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The Board Role In Ethics And Compliance

For compliance programs, "tone at the top" is a frequently used (but little examined) term.  Just how does a board of directors determine and establish a practical system of ethics that will reach throughout the corporate structure?  What elements are needed?  How can the board gauge the effectiveness of its efforts?  What approaches work best-and which lead to failure?

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Topics: Ethics & Compliance, Culture, Leadership, Corporate Culture, Values, Tone At The Top

Exposing Your Corporate Character

Last week the New York Times contained three separate stories, all in a single section (Business Day), that in some way or another, dealt specifically with the importance of alignment between your corporate character and your public capital, i.e. your reputation.

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Topics: Culture, Leadership, Corporate Culture, Corporate Character

Legacy Lost

Those who know me know that one of my great passions in life is scuba diving. I have been diving for well over 3 decades, and have visited numerous wonderful, exotic, remote and challenging places to pursue this passion. Being immersed in the sea in this way connects me at a deep level to this strange and beautiful environment and I feel privileged each time I submerge to be able to experience this part of our wonderful planet.

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Topics: Leadership

Walking Through The Brambles – It’s all about the Mission

Not that long ago I was out enjoying my hobby of photography in a small town near DC. Looking for a better angle on a shot, I realized that the light and framing I wanted required that I hike deep into a patch of woods. Intent on getting the shot, I didn’t pay all that much attention to how thick and impenetrable the woods I was walking through were. I just kept going for a good quarter mile, maybe more, despite some amazingly strong brambles that pierced my jeans and even teamed up with enough force that I had to stop and peel them off me one by one in order to move forward. But the brambles didn’t bother me at all because the thorns and branches weren’t as important as the mission – to capture a particular photograph that I very much wanted to have.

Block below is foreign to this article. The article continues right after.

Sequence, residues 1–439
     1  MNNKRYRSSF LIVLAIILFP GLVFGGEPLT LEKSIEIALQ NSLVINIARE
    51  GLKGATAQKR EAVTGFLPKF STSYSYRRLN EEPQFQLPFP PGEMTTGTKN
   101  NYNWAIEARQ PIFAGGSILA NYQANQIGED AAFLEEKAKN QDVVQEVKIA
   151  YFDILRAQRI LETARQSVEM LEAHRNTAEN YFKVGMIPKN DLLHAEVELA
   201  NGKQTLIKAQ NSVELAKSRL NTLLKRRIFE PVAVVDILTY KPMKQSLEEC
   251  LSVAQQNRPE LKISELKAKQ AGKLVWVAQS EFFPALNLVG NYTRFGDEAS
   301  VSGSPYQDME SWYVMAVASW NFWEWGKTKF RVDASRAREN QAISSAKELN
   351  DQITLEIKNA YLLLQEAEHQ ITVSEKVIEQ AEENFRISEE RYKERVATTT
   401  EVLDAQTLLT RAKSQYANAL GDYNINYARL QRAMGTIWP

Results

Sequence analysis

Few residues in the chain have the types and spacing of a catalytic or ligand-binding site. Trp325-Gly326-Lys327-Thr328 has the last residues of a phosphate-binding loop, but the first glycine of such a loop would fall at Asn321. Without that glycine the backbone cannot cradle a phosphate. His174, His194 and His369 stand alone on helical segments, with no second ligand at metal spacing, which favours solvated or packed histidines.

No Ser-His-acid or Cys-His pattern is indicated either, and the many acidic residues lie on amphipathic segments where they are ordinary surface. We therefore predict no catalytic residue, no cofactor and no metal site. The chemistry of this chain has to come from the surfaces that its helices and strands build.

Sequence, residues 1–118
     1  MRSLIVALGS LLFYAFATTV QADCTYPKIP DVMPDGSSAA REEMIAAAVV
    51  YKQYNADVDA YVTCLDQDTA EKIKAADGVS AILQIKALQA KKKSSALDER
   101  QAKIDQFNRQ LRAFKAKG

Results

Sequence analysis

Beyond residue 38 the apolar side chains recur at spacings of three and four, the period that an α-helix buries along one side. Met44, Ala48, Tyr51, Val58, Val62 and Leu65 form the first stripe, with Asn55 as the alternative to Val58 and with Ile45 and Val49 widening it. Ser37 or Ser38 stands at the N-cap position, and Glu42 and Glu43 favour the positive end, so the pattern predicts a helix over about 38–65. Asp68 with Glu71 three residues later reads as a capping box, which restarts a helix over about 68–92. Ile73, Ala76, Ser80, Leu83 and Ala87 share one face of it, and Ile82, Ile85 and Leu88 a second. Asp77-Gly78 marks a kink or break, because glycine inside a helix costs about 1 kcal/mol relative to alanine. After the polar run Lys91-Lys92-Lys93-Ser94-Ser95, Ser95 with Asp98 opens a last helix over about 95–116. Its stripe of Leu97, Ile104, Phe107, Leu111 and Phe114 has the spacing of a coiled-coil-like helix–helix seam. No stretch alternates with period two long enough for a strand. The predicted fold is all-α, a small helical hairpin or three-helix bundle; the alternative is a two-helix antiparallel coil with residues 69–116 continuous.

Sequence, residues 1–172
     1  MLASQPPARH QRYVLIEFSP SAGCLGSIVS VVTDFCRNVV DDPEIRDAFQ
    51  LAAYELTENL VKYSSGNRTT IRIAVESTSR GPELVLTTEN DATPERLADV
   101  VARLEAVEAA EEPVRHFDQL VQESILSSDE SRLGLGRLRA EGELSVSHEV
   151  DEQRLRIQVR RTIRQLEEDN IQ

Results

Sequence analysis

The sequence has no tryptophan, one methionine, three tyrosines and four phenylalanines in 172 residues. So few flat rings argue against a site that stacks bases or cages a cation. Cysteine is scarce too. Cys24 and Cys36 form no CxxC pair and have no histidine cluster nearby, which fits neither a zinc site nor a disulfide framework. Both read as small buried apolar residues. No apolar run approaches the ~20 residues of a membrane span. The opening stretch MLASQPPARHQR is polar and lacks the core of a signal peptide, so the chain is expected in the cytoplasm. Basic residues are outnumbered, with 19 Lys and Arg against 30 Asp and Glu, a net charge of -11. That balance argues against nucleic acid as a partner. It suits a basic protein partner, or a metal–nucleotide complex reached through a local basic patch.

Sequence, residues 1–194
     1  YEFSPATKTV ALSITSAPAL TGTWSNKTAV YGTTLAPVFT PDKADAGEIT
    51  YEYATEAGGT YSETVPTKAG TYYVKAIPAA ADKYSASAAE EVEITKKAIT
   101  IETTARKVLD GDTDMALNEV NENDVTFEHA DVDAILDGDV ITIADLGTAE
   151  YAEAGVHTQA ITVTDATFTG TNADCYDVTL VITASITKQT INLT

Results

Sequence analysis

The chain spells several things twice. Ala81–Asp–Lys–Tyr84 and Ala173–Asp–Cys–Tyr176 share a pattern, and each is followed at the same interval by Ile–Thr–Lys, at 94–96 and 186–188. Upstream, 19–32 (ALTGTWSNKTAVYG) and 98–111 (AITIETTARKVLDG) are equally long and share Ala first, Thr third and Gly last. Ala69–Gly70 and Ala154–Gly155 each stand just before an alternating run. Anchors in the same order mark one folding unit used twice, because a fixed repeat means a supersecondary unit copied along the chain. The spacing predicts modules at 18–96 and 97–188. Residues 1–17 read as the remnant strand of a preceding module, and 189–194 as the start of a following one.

Once I got to where I was going however, and I had taken the photo, I found that I was a quarter of a mile deep into a thicket of bramble-infested woods with no logical way out. Suddenly my attitude changed. I didn’t care about the picture anymore. My new mission was to get out without getting scratched or snared (or at least to do so with as little scratches or snaring as possible). 
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Topics: Leadership

Ethical Leadership Without Bosses

Here at LRN we don’t have bosses. We all work for a mission: to help our customers (we call them our Partners) pursue significance by Inspiring Principled Performance. It just so happens that our mission is supported by a company with 18 years of experience in the marketplace.      

It's been two years and here I am after just finishing the exhilarating and experiential journey of my MBA!

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Topics: Leadership

Are You Fighting Fires, or On Fire? Why Leaders with Passion and Humility Prevail

A crisis is a terrible thing to waste, Rahm Emanuel once quipped. Along similar lines, leadership gurus are fond of noting the opportunities for change when a “burning platform” presents itself. On this view, sounding the alarm bells can set off a search for a new direction, provided managers can free themselves from the “tyranny of emergency.”  

In situations where complacency rather than crisis rules the day, the “house on fire” play seems like a good call. One can see the point of rousing management from dogmatic slumbers when serious threats appear on the horizon. That said, we should question the burning platform stratagem for igniting change. In the life of organizations, what evidence do we have that fear-based arguments—“if we don’t do X now and in earnest, then Y surely will be our ruin”—lead to lasting change? The evidence seems thin at best. Companies that make a habit of responding to business challenges by jumping on the latest performance improvement method or re-engineering scheme seldom do well over time.
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Topics: Leadership

3 Strikes and ... Be a Leader